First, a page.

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Parents beware! Your fingerprints may no longer be secure against hackers. No, hackers haven't discovered some new fangled technology to lift your fingerprints over the telephone. The danger is right under the noses of parents, and when parents nap, the newest generation of hackers are getting a head start on disrupting household economics.
Well, maybe this was an isolated incident, but one six year old, in Little Rock, Arkansas, this past holiday season, disrupted the whole one-touch fingerprint security industry during mommy's naptime. While her mother napped on the couch, the young hacker opened the Amazon app on her mother's device, gently used her napping mother's hand to get the fingerprint to bypass the password authorization, and then went on a Pokemon shopping spree. The child made 13 purchases, racking up a modest grand total of about $250. Fortunately for the girl's parents, she had modest desires, as only a few of the items were returnable after being ordered.
While the reports about the six-year-old hacker state that only a few items were returned, it seems unlikely that any retailer would refuse to return purchases made under these pretenses. While the parents opted to keep the majority of the purchases and just give them to their daughter as her Christmas gifts, they likely would've been able to return more of the purchases with some negotiating.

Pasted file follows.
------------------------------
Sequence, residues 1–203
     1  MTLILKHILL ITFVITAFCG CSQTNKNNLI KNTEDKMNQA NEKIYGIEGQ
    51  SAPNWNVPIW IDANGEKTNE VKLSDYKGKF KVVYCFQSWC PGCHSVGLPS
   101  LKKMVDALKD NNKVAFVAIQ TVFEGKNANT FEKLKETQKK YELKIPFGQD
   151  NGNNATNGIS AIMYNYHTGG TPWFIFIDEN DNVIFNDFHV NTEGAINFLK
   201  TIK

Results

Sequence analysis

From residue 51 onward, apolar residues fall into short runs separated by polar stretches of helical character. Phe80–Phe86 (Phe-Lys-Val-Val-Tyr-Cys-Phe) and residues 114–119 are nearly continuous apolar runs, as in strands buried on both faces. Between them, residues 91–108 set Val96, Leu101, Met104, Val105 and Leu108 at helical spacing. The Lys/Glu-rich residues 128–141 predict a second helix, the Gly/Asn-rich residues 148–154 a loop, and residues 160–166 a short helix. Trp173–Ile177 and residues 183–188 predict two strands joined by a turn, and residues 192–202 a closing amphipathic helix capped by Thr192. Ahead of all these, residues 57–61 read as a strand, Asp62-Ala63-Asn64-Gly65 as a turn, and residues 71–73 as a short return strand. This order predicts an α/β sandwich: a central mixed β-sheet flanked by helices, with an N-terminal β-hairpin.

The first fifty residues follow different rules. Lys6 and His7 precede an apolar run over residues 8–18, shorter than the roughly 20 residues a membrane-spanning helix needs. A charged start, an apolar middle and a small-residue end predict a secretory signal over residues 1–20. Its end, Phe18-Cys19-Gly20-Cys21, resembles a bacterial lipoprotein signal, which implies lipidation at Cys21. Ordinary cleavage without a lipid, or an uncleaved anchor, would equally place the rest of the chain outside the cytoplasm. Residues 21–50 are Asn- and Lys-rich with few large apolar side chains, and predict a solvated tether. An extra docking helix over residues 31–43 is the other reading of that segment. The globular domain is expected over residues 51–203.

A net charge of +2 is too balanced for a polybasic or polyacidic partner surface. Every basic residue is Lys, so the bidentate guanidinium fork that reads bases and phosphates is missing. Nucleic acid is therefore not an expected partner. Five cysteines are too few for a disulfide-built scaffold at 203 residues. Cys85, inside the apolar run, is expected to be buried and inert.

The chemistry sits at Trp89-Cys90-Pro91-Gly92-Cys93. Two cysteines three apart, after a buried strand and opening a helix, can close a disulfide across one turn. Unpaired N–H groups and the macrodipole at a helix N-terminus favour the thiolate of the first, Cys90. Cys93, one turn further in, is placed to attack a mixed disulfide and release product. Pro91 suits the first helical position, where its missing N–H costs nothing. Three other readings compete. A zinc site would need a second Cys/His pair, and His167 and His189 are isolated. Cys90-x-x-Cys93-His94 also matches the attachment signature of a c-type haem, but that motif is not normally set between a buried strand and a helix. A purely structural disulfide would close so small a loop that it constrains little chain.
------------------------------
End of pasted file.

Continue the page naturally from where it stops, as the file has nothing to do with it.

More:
There may have been some restocking fees, and the consumer would likely be required to pay for return shipping, but most retailers, even those with strict policies, would likely be willing to negotiate a return. Additionally, it really begs the question what Pokemon items the young one ordered from Amazon that couldn't be returned, given their liberal return policy.
When a child steals from their parents, technically, it is still considered stealing despite the rationale the child puts forth. Whether or not parents decide to press charges, or even call the police, is a different story. And while the thought of a six year old carefully using her napping mother's finger to order some toys online is hilarious, it's actually a crime.
Meeting with a lawyer can help you understand your options and how to best protect your rights. Visit our attorney directory to find a lawyer near you who can help.